The intermediate frequency signal output from the frequency conversion circuit 613 is input to the filter circuit 615. Then, the filter circuit 615 allows signal components having frequencies of a predetermined range to pass through, where the intermediate frequency of the intermediate frequency signal is placed in the center, i.e. outputs the signal cutting off the frequency components that are out of the range.

The signal output from the filter circuit 616 and an IF control signal Sf2 output from the AGC circuit 618 is input to the IF amplifier circuit. The IF amplifier circuit 616 amplifies and outputs the signal input from the filter circuit 615 m in accordance with the IF control signal Sf2.

The signal output from the IF amplifier circuit 616 is input to the filter circuit 617. Then, the filter circuit 617 allows signal components having a predetermined range of frequencies to pass through, relating to the input signal, i.e. outputs the signal Sa, cutting off frequency components that are out of the range.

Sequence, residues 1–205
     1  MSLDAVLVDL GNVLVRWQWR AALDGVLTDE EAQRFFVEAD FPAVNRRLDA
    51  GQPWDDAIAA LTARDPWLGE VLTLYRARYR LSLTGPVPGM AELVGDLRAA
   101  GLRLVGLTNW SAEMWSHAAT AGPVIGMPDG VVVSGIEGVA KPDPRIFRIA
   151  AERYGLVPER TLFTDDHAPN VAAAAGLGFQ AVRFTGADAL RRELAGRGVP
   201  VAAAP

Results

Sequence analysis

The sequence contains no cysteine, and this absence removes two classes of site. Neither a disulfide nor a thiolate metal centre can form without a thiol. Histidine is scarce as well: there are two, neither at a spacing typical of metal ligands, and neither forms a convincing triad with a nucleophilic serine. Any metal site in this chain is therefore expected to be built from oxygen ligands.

The detection circuit 620 comprises a carrier extraction circuit 621 and a signal reproduction circuit 622.

The carrier extraction circuit is comprised of for example a PLL (Phase Locked Loop) circuit. The signal Sa, output from the filter circuit 617, is input to the carrier extraction circuit 621. Then, a signal Sb wherein the signal level is a fixed standard signal that has the same frequency and phase of signal Sa, is output.

The signal Sa output from the filter circuit 617, and the signal Sb output from the carrier extraction circuit 621 are input to the signal reproduction circuit 622. Then, the signal reproduction circuit 622 outputs a signal Sc and a signal Sg, that corresponds to a baseband signal of signal Sa (namely, the signal that reproduces the signal Sa).

The signal Sa output from the filter circuit 617, and the signal Sc output from the signal reproduction circuit 622 are input to the AGC circuit 618. The AGC circuit 618 outputs RF control signals f1 and f2 that control the amplification of the gain of the RF amplifier circuit 611 and IF amplifier circuit 616, in accordance with the intensity (signal level) of the signal Sa.